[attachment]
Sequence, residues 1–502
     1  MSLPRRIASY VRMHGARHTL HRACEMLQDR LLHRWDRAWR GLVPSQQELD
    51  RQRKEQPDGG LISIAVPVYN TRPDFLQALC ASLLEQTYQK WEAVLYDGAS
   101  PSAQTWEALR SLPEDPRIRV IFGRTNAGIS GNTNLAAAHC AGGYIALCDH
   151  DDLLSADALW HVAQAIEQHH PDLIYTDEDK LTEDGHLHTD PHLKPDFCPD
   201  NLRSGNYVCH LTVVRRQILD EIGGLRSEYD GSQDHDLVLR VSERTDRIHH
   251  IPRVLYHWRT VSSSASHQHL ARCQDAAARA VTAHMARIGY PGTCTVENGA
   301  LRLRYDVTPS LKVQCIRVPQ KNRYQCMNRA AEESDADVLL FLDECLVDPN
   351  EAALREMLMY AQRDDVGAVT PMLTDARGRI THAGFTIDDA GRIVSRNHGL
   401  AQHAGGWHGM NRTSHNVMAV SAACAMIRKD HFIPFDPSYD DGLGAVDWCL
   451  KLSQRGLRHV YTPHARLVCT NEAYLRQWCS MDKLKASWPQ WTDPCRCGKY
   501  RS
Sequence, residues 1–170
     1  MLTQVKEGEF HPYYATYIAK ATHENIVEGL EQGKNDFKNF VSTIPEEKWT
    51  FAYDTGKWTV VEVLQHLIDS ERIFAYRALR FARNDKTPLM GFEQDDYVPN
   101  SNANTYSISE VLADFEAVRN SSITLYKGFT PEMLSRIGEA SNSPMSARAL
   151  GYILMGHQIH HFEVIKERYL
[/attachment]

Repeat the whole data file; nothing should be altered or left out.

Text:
Sequence, residues 1–502
     1  MSLPRRIASY VRMHGARHTL HRACEMLQDR LLHRWDRAWR GLVPSQQELD
    51  RQRKEQPDGG LISIAVPVYN TRPDFLQALC ASLLEQTYQK WEAVLYDGAS
   101  PSAQTWEALR SLPEDPRIRV IFGRTNAGIS GNTNLAAAHC AGGYIALCDH
   151  DDLLSADALW HVAQAIEQHH PDLIYTDEDK LTEDGHLHTD PHLKPDFCPD
   201  NLRSGNYVCH LTVVRRQILD EIGGLRSEYD GSQDHDLVLR VSERTDRIHH
   251  IPRVLYHWRT VSSSASHQHL ARCQDAAARA VTAHMARIGY PGTCTVENGA
   301  LRLRYDVTPS LKVQCIRVPQ KNRYQCMNRA AEESDADVLL FLDECLVDPN
   351  EAALREMLMY AQRDDVGAVT PMLTDARGRI THAGFTIDDA GRIVSRNHGL
   401  AQHAGGWHGM NRTSHNVMAV SAACAMIRKD HFIPFDPSYD DGLGAVDWCL
   451  KLSQRGLRHV YTPHARLVCT NEAYLRQWCS MDKLKASWPQ WTDPCRCGKY
   501  RS
Sequence, residues 1–170
     1  MLTQVKEGEF HPYYATYIAK ATHENIVEGL EQGKNDFKNF VSTIPEEKWT
    51  FAYDTGKWTV VEVLQHLIDS ERIFAYRALR FARNDKTPLM GFEQDDYVPN
   101  SNANTYSISE VLADFEAVRN SSITLYKGFT PEMLSRIGEA SNSPMSARAL
   151  GYILMGHQIH HFEVIKERYL